Protecting the Most Vulnerable: Human Trafficking
When you hear the word slavery, your first thought is probably of Africans being captured and sold into slavery in the United States and other countries centuries ago. You’re probably not even aware that an estimated 40 million people are victims of human trafficking today, and therefore, modern-day slaves. It’s unlikely that you’re thinking of a young teenage girl just out of the orphanage where she’s lived her entire life.
For most teenagers, turning 16 is a happy, momentous occasion. But instead of celebrating, she found herself led out of the orphanage gates with a small sack of clothing and no preparation for life outside. She took refuge on a park bench to consider her options and knew that she could only hope for a job in manual labor with no resources and minimal education. So when a woman approached her and told her about a possible job, she jumped at the chance.
That job she was promised doesn’t exist. Instead, she’s forced into the sex trade with no way out. Her captors control her entire life, and any attempts to escape will be met with severe consequences, including physical beatings and food deprivation.
The Pandemic Exposes More People to Human Traffickers
While we feel compassion for the victims, we rarely think of it as something that could happen to us or those we love. However, because human traffickers prey on vulnerable people, any situation that puts people in a weak position, such as the pandemic, subjects them to the possibility of becoming a human trafficking victim.
With the pandemic expected to drive at least 70 million people into extreme poverty, desperate workers will be more likely to accept risky job offers or high-interest loans to feed their families, only to end up trapped in exploitative situations. In addition, businesses anxious to ramp up production after months of lost income may be more willing to hire the cheapest labor available, skip labor inspections, and other oversight measures—thereby enabling human traffickers to thrive.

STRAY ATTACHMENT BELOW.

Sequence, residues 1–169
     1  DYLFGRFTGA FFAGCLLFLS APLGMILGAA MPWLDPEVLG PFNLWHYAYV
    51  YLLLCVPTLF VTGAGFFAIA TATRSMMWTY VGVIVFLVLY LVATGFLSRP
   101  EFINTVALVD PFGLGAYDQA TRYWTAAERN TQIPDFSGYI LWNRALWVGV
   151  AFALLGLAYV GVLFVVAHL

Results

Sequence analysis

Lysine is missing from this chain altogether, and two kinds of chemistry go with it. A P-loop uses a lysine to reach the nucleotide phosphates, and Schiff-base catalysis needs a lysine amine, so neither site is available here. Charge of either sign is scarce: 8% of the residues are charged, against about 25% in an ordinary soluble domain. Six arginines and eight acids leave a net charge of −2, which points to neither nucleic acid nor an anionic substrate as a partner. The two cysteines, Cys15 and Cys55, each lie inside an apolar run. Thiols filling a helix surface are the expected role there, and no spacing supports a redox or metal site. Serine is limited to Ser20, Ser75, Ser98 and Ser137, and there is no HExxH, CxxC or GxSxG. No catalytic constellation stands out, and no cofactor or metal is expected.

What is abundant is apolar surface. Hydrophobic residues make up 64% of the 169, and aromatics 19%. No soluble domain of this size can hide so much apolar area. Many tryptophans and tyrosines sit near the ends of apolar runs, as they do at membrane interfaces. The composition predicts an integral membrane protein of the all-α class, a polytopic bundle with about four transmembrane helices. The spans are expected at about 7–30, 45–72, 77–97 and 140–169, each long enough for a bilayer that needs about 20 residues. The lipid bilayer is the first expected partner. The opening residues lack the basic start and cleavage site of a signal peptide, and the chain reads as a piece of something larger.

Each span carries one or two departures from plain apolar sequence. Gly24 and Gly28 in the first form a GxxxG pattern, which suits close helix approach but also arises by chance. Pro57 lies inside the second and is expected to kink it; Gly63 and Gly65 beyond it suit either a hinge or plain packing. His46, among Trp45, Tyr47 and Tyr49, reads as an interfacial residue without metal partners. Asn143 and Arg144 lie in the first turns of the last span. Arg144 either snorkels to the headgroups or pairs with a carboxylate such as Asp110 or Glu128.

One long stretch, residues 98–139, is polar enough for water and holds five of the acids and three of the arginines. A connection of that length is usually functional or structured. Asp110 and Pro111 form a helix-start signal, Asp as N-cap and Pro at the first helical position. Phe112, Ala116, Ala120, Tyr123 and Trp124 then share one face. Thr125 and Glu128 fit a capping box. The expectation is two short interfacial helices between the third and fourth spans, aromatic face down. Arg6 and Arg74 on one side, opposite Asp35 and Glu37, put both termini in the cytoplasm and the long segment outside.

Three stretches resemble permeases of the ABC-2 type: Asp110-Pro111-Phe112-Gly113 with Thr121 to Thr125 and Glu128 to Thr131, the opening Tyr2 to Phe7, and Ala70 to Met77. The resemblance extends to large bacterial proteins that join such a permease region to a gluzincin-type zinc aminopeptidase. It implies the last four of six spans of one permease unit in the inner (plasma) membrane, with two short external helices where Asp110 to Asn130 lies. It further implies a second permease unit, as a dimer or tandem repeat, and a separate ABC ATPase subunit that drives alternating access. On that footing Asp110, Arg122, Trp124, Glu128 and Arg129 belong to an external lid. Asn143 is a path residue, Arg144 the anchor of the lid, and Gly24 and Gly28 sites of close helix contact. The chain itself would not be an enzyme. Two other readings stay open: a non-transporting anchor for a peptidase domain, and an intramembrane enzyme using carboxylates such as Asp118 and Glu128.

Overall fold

Children are also at risk of forced labor due to their families’ economic stress and vulnerability. It’s predicted the pandemic will contribute to 13 million more child marriages globally (a form of modern slavery), with families forcing adolescent girls to marry early as an economic safety net.
Human Trafficking Is Big Business
Human trafficking, modern slavery, forced labor—however you want to refer to it is immoral and unethical, but it’s a growing industry. It’s estimated to rake in $150 billion annually. But, of course, just as it’s nearly impossible to assess an accurate number of victims due to its criminal nature, it’s also challenging to gain an exact number regarding profits.
Breaking the Cycle
Being a victim of human trafficking can break a person. They’re made to feel less than human and more like a commodity. They’re often tortured, either with physical punishment or forced to consume drugs. Even if they manage to escape, they lack self-confidence and have limited or no resources, so they can quickly end up in exploitative situations without a support system.
Although it seems overwhelming, there are things you can do to help the survivors of human trafficking. The Orphans Hands works to embody the words found in Psalm 82:3-4 “Give justice to the poor and the orphan; uphold the rights of the oppressed and the destitute. Rescue the poor and helpless; deliver them from the grasp of evil people.”
Hope and efforts to develop strong support systems to help keep survivors free from further abuse are possible. Meet some of our kids and read about their stories. There are so many ways you can help. Make a contribution or purchase our collection of clothing and books to offer direct support. Even simply sharing the message with friends, family, and associates can help.